Introduction to Sass & SCSS

In this introductory tutorial we take a look at what Sass is, the differences between Sass and SCSS and how difficult they are to learn. We also discuss if Sass is still relevant in 2020.

If you're new to Sass, start from the beginning.

What is Sass

Sass is a CSS preprocessor, which means it’s a scripting language that compiles Sass/SCSS code into regular CSS code.

Preprocessors are developer tools that add special features such as nesting, mixins and loops (referred to as syntactic sugar) to make working with regular CSS easier.

Sass vs SCSS

There are two syntaxes available for Sass.

  • SCSS (Sassy CSS) syntax is the same as regular CSS syntax, but with enhanced Sass features. Any valid CSS code will also be valid SCSS code.
  • The older indented syntax (or just “Sass”) is a more concise way of writing CSS. It uses indentation instead of brackets for nesting and newlines instead of semicolons to terminate property statements (much like Python).

SCSS is the most widely used of the two because of its familiarity with regular CSS. SCSS syntax is also quicker to learn than the older indented syntax.

Should I learn Sass/SCSS

CSS is catching up to preprocessors like Sass, with newer features like variables (custom properties) being added to the CSS standard all the time.

However, preprocessors still provide us with many other features like mixins, loops, code organization etc. that are still missing from CSS and make developer lives a lot easier.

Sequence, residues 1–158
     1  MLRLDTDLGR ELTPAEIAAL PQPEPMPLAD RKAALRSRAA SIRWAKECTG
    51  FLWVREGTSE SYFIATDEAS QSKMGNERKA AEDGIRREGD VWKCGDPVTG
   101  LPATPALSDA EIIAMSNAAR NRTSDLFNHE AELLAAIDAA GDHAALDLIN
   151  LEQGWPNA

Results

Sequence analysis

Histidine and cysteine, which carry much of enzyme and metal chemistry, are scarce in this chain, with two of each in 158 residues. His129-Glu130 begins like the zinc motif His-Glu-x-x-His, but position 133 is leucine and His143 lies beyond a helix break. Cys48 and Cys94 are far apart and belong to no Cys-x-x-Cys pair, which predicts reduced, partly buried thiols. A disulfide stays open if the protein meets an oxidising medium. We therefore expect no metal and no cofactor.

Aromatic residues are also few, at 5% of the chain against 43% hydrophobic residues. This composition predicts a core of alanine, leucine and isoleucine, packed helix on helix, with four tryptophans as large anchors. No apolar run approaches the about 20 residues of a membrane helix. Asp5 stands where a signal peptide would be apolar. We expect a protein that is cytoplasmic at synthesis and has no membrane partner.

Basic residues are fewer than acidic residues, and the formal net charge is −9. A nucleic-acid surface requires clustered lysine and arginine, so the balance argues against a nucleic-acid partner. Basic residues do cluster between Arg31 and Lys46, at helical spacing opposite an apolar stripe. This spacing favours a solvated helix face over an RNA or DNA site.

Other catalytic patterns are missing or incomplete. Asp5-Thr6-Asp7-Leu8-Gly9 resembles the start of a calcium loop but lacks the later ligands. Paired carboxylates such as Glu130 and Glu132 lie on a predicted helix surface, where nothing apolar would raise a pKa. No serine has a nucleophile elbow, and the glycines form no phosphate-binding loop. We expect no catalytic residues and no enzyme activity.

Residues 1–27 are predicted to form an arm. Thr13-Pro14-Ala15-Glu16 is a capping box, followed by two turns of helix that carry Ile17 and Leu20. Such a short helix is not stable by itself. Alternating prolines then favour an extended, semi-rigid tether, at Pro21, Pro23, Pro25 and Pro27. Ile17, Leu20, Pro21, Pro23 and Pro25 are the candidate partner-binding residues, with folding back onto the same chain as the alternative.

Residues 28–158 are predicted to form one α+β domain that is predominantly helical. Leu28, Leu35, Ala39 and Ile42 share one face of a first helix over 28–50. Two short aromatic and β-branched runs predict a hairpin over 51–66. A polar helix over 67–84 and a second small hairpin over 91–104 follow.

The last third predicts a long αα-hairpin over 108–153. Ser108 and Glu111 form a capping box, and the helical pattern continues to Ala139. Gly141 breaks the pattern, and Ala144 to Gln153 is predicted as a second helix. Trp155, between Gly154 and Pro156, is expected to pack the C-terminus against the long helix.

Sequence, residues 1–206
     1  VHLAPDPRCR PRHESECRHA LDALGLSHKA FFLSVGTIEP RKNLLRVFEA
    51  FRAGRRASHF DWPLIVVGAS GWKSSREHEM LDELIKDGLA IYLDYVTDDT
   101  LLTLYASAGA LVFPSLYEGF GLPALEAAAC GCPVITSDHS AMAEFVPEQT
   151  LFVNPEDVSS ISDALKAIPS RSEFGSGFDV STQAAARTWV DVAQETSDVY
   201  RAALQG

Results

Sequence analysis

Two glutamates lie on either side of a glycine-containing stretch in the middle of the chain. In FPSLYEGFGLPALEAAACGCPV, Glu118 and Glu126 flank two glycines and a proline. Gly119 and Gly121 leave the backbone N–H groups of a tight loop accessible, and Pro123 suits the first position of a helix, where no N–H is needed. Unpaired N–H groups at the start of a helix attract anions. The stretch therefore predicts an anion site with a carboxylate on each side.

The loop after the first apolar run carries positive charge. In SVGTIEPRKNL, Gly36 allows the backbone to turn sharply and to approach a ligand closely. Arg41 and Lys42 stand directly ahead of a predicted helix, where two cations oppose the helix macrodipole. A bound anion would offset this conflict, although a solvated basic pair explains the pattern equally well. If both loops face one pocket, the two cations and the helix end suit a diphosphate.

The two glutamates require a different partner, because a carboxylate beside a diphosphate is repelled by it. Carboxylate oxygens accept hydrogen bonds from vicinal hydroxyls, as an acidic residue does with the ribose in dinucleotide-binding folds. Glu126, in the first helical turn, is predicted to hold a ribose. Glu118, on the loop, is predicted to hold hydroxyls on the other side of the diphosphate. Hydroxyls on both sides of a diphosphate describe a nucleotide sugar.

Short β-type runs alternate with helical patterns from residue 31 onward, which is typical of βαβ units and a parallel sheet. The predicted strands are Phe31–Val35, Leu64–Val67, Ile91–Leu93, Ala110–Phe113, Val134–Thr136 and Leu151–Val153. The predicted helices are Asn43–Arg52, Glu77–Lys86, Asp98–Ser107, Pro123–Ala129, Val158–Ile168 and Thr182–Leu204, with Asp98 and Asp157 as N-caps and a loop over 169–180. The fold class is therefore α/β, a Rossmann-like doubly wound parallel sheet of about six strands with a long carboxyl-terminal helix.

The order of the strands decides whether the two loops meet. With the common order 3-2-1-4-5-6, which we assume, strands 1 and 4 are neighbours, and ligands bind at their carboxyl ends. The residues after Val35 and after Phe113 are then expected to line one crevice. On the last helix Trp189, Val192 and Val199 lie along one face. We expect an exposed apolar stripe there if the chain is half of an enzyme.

Many CSS frameworks like Bootstrap, Materialize and Bulma also use Sass or SCSS. If you’re planning on working with any of them, you will need to learn Sass.

Sass is still widely being used by developers and organizations around the world.

State of CSS: Sass Usage, Awareness & Interest

Image Source: State of CSS

Is Sass/SCSS hard to learn

Sass, and in particular SCSS, is very easy to learn once you know the fundamentals of standard CSS.

Something to note however, is that we will need to use the terminal from time to time. This might be scary for some, but it’s really quite easy and we will guide you through the process.


Before we proceed, please note that we make the following assumptions:

  • You already know at least the basics of standard CSS. This is a Sass course, not a CSS course.
  • You know how to install software on whichever operating system you use.
  • You can create and navigate directories and files on your computer.

We also assume that you don’t have any experience with Node.js and NPM, or the terminal. If you do however, you can simply skim those sections in the lessons.